Being for social right and justice doesn’t mean drawing israeli soldier as killers.

      Reply to Comment
    6. Piotr Berman

      Aaron from under Marsian bridge: “None of this indicates to me that the occupation is not temporary.”

      Perhaps the entire Zionist project is temporary?! Rather than having dull state with viable long term co-existence with the neighborhood (and that includes Europe), why not have some heroic fun, molding Jewish destiny, smiting enemies, enemy trees, lambs, wells, poultry etc., so when it will all end, there will be enough of heroic stories to survive another 2000 years in the Diaspora?

      Reply to Comment
    7. mick

      The absolute fact is that Jordan and Egypt did not have legal title to the territories. The land was former territory of the Mandate of Palestine, only successors to this entity can claim the land. Since Israel was the only successor to the Mandate it can legally claim any of the land.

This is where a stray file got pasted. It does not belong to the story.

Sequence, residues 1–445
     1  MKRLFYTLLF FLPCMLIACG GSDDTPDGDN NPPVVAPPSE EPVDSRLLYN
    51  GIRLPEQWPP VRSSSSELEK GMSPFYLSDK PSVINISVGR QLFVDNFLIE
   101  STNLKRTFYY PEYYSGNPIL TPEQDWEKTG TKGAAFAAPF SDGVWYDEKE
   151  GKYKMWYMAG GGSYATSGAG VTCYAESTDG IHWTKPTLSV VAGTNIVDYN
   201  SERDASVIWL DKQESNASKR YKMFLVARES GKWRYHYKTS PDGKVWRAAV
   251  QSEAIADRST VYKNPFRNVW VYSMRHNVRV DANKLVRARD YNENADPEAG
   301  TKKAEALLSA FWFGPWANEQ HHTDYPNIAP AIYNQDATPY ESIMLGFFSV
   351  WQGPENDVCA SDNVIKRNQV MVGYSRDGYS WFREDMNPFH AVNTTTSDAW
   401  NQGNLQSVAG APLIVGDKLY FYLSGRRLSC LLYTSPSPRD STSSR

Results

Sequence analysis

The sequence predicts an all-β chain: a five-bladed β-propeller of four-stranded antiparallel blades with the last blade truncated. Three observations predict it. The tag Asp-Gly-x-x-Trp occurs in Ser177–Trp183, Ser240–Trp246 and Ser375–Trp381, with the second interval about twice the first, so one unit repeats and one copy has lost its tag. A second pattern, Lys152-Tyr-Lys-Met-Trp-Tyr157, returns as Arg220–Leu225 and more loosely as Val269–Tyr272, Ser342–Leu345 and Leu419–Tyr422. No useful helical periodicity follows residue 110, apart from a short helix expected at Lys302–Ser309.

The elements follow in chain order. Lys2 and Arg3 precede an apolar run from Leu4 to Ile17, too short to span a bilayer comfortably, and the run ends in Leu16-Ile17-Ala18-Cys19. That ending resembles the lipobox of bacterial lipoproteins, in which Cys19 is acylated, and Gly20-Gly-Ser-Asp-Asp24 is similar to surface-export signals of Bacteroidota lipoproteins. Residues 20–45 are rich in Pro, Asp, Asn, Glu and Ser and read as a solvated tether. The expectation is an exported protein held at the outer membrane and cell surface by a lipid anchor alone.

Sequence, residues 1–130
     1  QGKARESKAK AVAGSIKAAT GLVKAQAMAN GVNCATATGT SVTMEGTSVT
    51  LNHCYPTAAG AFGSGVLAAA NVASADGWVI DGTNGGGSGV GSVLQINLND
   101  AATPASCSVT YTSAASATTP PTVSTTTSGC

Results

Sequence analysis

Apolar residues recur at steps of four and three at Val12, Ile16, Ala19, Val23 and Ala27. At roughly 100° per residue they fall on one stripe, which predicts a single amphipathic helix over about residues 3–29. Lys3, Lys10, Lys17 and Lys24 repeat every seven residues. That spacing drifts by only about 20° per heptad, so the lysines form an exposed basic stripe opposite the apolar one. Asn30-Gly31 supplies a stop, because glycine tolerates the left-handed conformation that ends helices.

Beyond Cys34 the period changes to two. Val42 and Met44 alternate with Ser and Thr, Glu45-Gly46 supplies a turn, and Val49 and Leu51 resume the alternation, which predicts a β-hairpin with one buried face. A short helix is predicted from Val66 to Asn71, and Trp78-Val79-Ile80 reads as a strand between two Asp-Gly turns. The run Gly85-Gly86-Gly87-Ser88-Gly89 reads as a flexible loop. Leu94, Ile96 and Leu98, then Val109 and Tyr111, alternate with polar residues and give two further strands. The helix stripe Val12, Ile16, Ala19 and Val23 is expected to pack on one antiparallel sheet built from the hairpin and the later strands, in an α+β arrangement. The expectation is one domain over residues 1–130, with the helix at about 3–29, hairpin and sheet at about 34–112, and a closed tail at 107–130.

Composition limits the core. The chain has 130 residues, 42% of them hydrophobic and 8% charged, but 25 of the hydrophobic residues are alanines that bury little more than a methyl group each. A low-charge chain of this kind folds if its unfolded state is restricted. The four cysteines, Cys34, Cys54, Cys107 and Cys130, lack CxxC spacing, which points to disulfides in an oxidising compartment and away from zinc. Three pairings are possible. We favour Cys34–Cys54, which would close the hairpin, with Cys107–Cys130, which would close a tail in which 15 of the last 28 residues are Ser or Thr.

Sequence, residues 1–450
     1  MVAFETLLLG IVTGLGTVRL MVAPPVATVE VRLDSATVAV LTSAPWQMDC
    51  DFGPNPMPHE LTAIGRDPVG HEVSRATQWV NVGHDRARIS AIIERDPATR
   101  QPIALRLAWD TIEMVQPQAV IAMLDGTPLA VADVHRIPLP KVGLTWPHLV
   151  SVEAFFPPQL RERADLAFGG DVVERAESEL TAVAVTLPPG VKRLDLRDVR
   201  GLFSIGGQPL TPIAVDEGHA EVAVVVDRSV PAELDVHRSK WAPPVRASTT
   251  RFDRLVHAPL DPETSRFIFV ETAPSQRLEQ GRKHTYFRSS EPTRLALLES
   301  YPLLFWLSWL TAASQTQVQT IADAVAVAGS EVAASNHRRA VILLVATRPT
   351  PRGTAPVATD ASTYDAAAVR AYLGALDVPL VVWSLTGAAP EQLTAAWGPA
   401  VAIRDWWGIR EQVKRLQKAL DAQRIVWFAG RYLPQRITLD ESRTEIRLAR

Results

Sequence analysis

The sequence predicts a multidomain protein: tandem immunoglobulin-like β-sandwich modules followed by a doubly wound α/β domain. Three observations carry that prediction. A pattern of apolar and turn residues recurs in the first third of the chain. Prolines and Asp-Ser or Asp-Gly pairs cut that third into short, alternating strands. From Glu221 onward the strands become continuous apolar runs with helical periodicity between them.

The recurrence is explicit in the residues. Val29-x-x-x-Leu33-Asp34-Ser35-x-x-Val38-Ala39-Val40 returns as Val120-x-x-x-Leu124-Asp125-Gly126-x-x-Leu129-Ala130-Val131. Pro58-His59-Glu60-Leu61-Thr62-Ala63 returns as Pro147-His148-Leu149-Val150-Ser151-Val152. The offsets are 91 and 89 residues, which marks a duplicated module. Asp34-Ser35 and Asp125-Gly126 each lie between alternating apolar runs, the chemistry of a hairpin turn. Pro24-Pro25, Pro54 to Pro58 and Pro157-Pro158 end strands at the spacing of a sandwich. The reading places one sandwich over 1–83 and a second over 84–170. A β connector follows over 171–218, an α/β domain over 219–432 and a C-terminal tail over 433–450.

Reply to Comment
    8. mick
      “The absolute fact is that Jordan and Egypt did not have legal title to the territories”

      They didn’t claim any. They occupied per International Law. Jordan annexed as a trustee only at the insistence of the other Arab States.

      “The land was former territory of the Mandate of Palestine”

      Mandate expired May 14th 1948, When Israel declared itself independent of Palestine there stood two entities, Independent Israel and what remained of Palestine, a non-self-governing territory.

      “Since Israel was the only successor to the Mandate it can legally claim any of the land”

      Twaddle. UNSC resolutions are based on the law and UN Charter. They tell us Israel is the Occupying Power. Read UNSC res 476

      Reply to Comment